Long before the discovery of oil in the 1930s, Bahrain’s most important export was its pearls, which have been hailed as the best in the world. For centuries, pearl divers would reach the depths of the sweet water beneath the salty sea (which is believed to give Bahrain’s pearls their unique quality) in search of the precious commodity.
|Part of the positive returns on investing in culture is a raised awareness of the significance of our heritage and the importance of its preservation|
Sheikha Mai bint
Mohammed Al Khalifa,
Minister of Culture
Visitors to the country will now be able to understand more about this longstanding Bahraini tradition, thanks to the opening of the Pearl Pathway in the coastal town of Muharraq. The pathway, incorporating 17 sites in all, will tell the story of “Pearling” and this unique story and its physical testimony in Muharraq is under consideration by UNESCO for a World Heritage listing.
One archaeological wonder that has already been given UNESCO’s prestigious World Heritage site status is Qal’at al-Bahrain, also known as the Fort of Bahrain. Located 6km from the capital Manama, the fort itself dates back to the 16th century, but the site is believed to have been once the centre of power for the ancient Dilmun civilisation from around 2300BC. Originally an Islamic fort, it was, in more recent times, occupied by the Portuguese.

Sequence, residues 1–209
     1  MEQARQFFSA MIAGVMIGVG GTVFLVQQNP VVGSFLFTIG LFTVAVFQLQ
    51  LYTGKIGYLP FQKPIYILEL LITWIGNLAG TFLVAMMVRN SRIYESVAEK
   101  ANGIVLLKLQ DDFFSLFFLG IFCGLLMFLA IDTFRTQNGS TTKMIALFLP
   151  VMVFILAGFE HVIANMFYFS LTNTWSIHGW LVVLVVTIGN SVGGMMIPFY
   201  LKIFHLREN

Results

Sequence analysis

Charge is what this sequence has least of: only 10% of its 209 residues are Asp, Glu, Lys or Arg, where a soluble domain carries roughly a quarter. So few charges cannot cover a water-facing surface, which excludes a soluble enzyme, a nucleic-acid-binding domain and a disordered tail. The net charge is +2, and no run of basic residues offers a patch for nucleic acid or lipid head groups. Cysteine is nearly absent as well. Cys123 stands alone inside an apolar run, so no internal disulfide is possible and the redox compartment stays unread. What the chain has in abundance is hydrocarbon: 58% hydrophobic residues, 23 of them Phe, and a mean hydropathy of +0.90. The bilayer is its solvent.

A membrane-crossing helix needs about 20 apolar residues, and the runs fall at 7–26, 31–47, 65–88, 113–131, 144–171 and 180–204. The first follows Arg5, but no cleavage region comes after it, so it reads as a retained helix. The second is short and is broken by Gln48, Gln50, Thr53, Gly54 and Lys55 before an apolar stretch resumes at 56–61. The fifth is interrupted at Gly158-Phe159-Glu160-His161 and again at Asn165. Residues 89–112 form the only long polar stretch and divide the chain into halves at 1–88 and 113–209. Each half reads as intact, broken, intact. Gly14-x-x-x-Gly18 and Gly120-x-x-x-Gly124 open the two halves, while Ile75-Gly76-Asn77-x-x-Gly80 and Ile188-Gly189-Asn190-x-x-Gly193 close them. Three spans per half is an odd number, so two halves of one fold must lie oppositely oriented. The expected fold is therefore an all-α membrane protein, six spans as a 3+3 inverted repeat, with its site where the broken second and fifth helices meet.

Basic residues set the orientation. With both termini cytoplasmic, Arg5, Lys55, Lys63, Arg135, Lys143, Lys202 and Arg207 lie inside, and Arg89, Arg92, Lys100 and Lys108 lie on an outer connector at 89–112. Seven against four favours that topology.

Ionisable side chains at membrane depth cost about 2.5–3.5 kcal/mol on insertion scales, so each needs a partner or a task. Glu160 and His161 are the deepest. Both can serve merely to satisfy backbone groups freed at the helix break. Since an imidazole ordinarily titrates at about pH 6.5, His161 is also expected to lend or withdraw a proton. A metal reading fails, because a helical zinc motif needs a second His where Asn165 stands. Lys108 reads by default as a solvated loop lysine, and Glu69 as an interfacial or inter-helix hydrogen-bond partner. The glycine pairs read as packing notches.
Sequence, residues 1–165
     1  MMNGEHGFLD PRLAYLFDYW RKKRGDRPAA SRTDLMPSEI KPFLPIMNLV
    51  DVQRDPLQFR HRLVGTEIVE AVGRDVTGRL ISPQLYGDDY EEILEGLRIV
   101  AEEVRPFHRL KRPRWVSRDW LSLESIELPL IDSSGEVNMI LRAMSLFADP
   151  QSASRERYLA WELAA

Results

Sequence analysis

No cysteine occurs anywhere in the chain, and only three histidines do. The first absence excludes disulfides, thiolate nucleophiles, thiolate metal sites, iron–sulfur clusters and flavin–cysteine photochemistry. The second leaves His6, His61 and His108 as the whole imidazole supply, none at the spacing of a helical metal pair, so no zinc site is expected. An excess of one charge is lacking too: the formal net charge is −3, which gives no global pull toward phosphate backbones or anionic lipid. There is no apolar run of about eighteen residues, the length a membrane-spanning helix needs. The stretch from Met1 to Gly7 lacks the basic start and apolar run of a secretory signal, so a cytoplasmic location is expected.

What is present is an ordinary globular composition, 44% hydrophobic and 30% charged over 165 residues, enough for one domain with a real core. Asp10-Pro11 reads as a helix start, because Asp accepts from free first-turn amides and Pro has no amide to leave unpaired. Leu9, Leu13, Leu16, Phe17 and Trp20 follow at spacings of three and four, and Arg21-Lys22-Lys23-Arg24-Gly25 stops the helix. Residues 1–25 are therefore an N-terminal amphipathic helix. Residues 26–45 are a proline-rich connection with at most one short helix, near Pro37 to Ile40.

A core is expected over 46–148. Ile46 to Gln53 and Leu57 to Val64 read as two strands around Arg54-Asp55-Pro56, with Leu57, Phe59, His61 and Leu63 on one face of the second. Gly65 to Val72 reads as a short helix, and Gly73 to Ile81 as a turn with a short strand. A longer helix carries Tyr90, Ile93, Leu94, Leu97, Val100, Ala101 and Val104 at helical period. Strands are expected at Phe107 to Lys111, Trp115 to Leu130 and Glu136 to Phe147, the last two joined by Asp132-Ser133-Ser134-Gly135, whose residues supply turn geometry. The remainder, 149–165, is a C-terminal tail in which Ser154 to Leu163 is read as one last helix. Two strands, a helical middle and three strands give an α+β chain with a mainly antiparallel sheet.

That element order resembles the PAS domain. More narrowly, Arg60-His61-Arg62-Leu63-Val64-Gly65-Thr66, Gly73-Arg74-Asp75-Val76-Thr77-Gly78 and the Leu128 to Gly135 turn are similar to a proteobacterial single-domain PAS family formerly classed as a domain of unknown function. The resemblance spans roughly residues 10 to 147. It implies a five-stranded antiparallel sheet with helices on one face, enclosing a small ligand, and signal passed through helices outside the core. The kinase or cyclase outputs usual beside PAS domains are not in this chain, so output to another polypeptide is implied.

From ancient architecture to modern: Bahrain’s National Theatre was designed by French company Architecture-Studio and opened in November 2012. This beautifully designed building includes a main 1,001-seat auditorium for drama, small symphony concerts, conferences, jazz and other amplified music events.
And it is in this theatre that the Manama: Asian Capital of Tourism 2014 celebrations will conclude in December with an everlasting message of joy with an extravaganza unlike any other, with artists from across the continent coming together to showcase their cultural heritage through music, song, and dance in one dazzling showcase.